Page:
The immediate perceptive epithet

from Bruce Wilshire, “William James’s Pragmatism: A Distinctly Mixed Bag,” in 100 Years of Pragmatism, edited by John Stuhr:

William James is a tragic figure. I will try to fully explain what I mean by that. But right off the bat, we can point out a feature of this tragic stance. It’s fairly widely believed that James is a major philosopher. Yet in no other such philosopher’s work, I believe, are great strengths so vividly mixed with major defects. His famous, often read—too often read, I think—popular lectures, Pragmatism, gaudily illustrate this claim.

What does it take to be a major philosopher? A most difficult question. Wilfrid Sellars’s one-liner statement of what philosophy seeks to discover is hard to better: how things, in the broadest sense, hang together, in the broadest sense.

But how does one start a process of discovery without begging crucial questions that philosophy should endeavor to answer? How does one begin to comprehend the farthest reaches of complexity without prejudging things—or occluding whole horizons of possibilities and viewpoints—stupidly? James’s description in Pragmatism of expertness in philosophy is arresting: “Expertness in philosophy is measured by the definiteness of our summarizing reactions, by the immediate perceptive epithet with which the expert hits such complex objects off” (P, 25). Thee summarizing that emerges through perceptual epithet! A taking in at a glance that delivers the first sketch of the whole lay of the land. Is there any better way to avoid getting lost in the details of some corner of the subject matter, any better way to begin doing philosophy unprejudiciously?

The huge and microscopic career of time

William Carlos Williams, from Spring and All, 1923:

In that huge and microscopic career of time, as it were a wild horse racing in an illimitable pampa under the stars, describing immense and microscopic circles with his hoofs on the solid turf, running without a stop for the millionth part of a second until he is aged and worn to a heap of skin, bones and ragged hoofs—In that majestic progress of life, that gives the exact impression of Phidias’ frieze, the men and beasts of which, though they seem of the rigidity of marble are not so but move, with blinding rapidity, though we do not have the time to notice it, their legs advancing a millionth part of an inch every fifty thousand years—In that progress of life which seems stillness itself in the mass of its movements—at last SPRING is approaching.

Blind to all excellence but its own

Hazlitt, on Shakespeare and Rembrandt, from Table Talk: Essays on Men and Manners (1821):

His genius consisted in the faculty of transforming himself at will into whatever he chose: his originality was the power of seeing every object from the exact point of view in which others would see it. He was the Proteus of human intellect. Genius in ordinary is a more obstinate and less versatile thing. It is sufficiently exclusive and self-willed, quaint and peculiar. It does some one thing by virtue of doing nothing else: it excels in some one pursuit by being blind to all excellence but its own. It is just the reverse of the cameleon; for it does not borrow, but lends its colour to all about it; or like the glow-worm, discloses a little circle of gorgeous light in the twilight of obscurity, in the night of intellect that surrounds it. So did Rembrandt. If ever there was a man of genius, he was one, in the proper sense of the term. He lived in and revealed to others a world of his own, and might be said to have invented a new view of nature. He did not discover things out of nature, in fiction or fairy land, or make a voyage to the moon ‘to descry new lands, rivers or mountains in her spotty globe,’ but saw things in nature that every one had missed before him and gave others eyes to see them with. This is the test and triumph of originality, not to show us what has never been, and what we may therefore very easily never have dreamt of, but to point out to us what is before our eyes and under our feet, though we have had no suspicion of its existence, for want of sufficient strength of intuition, of determined grasp of mind, to seize and retain it.

The cleansing and deepening of the dispute

Erich Heller, The Disinherited Mind, 1952:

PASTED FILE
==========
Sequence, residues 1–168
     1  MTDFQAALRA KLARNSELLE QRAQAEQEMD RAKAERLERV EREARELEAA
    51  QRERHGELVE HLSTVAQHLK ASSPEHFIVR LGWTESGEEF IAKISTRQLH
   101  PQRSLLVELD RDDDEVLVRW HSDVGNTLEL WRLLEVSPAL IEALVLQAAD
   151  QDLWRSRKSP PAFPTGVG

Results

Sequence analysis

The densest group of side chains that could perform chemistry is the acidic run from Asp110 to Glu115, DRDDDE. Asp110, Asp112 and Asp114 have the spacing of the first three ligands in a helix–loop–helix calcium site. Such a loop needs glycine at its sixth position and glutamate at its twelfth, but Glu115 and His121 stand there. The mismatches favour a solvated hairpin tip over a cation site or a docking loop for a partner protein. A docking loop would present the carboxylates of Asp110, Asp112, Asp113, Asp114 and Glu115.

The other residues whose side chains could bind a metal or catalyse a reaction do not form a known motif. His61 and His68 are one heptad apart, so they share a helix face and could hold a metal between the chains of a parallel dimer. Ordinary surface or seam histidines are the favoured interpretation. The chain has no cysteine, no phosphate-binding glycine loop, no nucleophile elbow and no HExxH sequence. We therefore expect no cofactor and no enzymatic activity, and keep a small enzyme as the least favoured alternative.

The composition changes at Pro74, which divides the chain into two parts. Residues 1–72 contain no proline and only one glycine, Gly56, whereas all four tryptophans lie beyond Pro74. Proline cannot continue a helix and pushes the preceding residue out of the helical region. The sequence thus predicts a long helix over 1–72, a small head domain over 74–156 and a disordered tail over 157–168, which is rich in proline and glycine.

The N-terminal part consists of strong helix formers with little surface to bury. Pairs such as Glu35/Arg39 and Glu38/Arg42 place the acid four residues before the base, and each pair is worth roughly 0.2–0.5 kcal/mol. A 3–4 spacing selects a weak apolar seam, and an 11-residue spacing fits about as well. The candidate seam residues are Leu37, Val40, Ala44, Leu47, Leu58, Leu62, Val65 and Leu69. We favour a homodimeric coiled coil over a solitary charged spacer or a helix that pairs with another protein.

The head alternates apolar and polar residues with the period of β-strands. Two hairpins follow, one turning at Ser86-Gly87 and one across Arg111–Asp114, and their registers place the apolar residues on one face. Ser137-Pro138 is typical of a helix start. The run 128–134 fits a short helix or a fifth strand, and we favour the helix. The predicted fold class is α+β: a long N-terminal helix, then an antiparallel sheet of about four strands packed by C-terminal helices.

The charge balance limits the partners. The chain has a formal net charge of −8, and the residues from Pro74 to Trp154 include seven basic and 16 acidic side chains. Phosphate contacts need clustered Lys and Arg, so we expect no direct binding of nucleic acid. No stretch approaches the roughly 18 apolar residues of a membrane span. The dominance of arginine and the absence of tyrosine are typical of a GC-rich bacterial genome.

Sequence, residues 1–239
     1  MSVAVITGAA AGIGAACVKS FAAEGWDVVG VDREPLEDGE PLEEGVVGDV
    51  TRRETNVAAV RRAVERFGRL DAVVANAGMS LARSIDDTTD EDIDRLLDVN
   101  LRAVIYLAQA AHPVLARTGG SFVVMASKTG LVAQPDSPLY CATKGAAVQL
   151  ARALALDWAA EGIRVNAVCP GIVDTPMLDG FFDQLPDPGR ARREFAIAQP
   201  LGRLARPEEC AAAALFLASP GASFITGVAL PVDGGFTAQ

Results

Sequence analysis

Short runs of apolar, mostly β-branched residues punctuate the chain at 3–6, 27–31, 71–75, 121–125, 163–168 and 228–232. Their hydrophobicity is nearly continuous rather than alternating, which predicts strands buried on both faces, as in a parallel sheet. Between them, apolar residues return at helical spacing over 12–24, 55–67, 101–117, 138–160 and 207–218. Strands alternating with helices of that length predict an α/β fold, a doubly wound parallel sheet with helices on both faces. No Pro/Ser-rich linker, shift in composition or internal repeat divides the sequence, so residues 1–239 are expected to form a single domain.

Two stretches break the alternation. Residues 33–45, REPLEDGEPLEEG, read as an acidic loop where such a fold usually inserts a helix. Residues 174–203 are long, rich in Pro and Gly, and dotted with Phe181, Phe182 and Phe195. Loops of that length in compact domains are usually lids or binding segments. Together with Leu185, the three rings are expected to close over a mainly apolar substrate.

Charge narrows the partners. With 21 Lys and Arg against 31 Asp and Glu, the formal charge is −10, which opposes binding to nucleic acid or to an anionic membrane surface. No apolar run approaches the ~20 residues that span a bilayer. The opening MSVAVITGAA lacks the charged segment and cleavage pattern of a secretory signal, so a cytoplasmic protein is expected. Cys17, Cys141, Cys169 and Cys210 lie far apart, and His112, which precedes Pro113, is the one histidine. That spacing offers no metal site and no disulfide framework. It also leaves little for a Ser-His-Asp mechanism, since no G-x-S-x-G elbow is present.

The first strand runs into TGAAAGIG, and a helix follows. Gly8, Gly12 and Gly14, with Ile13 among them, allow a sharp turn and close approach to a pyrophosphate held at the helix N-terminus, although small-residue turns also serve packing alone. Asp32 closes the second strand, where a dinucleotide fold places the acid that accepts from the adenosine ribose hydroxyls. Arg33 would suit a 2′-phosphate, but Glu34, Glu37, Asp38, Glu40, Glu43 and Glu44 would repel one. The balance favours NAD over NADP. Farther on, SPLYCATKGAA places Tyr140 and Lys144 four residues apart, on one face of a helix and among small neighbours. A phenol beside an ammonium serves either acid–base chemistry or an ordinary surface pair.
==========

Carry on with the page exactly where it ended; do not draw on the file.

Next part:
Anyone engaged in the study, teaching, and criticism of literature as a university discipline is likely to become at some time or other aware of one fundamental problem raised by his own pursuits, of a difficulty that is all his own and is not, or at least not to the same extent, shared by his colleagues in other subjects. For however sincerely he may struggle against bias and prejudice in his own approach and appreciation, his work will still be very intimately related to his experiences in wider fields. […] and this, he will see, is no shortcoming of his own discipline, to be conquered in scientific campaigns or disguised by scientific masquerades, but is in fact its distinctive virtue. […] thus he would be ill-advised to concentrate exclusively on those aspects of his discipline which allow the calm neutrality of what is indisputably factual and “objective”. His business, I think, is not the avoidance of subjectivity, but its purification; not the shunning of what is disputable, but the cleansing and deepening of the dispute.

Freedom from force and falsity

Chekhov at twenty-eight, to Alexei Plescheyev, October 4, 1888, translated by Sidonie K. Lederer, in The Selected Letters of Anton Chekhov, edited by Lillian Hellman:

Those I am afraid of are the ones who look for tendencies between the lines and want to put me down definitely as a liberal or conservative. I am not a liberal and not a conservative, not an evolutionist, nor a monk, nor indifferent to the world. I would like to be a free artist—that is all—and regret that God has not given me the strength to be one. I hate lies and coercion in all their aspects. . . . Pharisaism, stupidity and idle whim reign not only in the homes of the merchant class and within prison walls; I see them in science, in literature, amongst young people. I cannot therefore nurture any particularly warm feelings toward policemen, butchers, savants, writers, or youth. I consider trademarks or labels to be prejudices.

My holy of holies are the human body, health, intelligence, talent, inspiration, love, and the most absolute freedom—freedom from force and falsity, in whatever form these last may be expressed. This is the program I would maintain, were I a great artist.

Not to be writing a book was not to be alive

William H. Pritchard reviewing a biography of Van Wyck Brooks, 1981:

For “not to be writing a book was not to be alive at all,” Brooks said in his autobiography. Beginning with The Wine of the Puritans in 1908, he lived through his pen; and except for a brief foray into teaching at Stanford in 1941 (he moved to California in order to marry Eleanor Stimson) and in England later, he stayed at his desk, usually beginning to write at 5:30 A.M.


The remaining 32 years of Brooks’s life are thankfully not as “interesting” as that middle passage. All he set himself to do now was read every book written by an American between 1800 and 1915 (The Flowering of New England alone was the result of reading 825 of them) and write a five-volume history (or epic, or novel, or romance) of the writer in America, creating—as he once wrote in a notebook—”an American memory.” Writing was still a matter of life and death (“every morning, at my desk, I feel that I am on trial for my life”), but he managed grandly to survive into old age, remarrying after his first wife’s death, growing in public literary eminence as he came to matter less and less to younger critics of literature.